Professor, Department of Oncology
Keywords: Metallothionein and resistance to radiation and chemotherapeutic drug treatment
Description of Research Activities
The development of resistance to radiation or chemotherapy by malignant cells is a significant cause of failure of cancer therapy. Metallothionein (MTs) are a class of proteins that have been associated with cellular resistance to these agents and with homeostasis of essential metals within cells. We hypothesize that MTs play a critical role in sequestering or donating essential metals (zinc and copper) to proteins that include hormone receptors, transcription factors, and enzymes regulating reactive oxygen molecules. We are investigating this potential role by transfecting human normal and tumour cells with transcriptionally active rodent and human metallothionein genes to allow constitutive expression of MT, or vectors expressing "antisense" RNA to down-regulate MT. Mice and cultured cells with genetically ablated MT genes (MT knockouts) are also being used to explore the function of MT. The effect on cell viability and growth, cellular drug resistance, apoptosis, differentiation capacity, and susceptibility to chemical and radiation-induced mutation is being investigated.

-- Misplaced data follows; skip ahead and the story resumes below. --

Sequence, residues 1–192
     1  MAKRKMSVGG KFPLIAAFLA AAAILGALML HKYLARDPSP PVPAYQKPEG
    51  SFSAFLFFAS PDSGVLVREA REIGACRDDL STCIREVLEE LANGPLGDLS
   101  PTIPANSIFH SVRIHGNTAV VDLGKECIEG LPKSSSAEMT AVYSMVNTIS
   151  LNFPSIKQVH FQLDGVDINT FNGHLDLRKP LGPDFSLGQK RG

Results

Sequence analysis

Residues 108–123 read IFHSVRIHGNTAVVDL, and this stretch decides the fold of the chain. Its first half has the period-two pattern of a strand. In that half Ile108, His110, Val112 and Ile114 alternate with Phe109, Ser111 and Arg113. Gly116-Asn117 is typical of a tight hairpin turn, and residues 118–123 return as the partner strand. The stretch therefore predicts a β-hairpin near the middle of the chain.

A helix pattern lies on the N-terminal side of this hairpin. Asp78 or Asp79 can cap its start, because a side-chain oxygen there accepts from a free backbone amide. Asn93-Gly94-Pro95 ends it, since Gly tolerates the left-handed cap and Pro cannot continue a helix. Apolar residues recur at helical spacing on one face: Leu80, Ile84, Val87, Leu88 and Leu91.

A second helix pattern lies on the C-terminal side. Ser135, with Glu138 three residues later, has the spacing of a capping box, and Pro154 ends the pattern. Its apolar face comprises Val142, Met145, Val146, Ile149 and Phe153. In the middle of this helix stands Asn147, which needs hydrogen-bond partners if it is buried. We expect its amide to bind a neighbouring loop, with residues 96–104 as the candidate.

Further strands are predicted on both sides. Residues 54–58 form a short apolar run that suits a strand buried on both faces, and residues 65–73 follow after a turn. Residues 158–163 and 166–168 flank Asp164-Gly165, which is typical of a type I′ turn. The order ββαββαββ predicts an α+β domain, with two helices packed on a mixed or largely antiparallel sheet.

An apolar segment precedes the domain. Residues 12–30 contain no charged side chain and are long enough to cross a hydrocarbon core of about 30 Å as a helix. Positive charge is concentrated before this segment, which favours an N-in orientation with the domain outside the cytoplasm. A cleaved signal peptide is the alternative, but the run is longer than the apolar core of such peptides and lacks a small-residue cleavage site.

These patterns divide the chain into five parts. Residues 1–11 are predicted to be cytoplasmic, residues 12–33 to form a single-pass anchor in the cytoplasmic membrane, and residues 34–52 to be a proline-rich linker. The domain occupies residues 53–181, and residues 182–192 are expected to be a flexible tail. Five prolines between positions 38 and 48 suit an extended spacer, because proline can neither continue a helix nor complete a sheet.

(Funded by CIHR)
Thymidylate Synthase (TS) and Cell Growth and Drug Resistance:
The role of thymidylate synthase in cell growth and chemotherapeutic drug resistance, novel effects on TS gene transcription in response to antisense nucleic acids, and the usefulness of downregulation of TS using antisense oligodeoxynucleotides is being explored.
(Funded by Zeneca Pharma Canada, Inc., with Mark Vincent).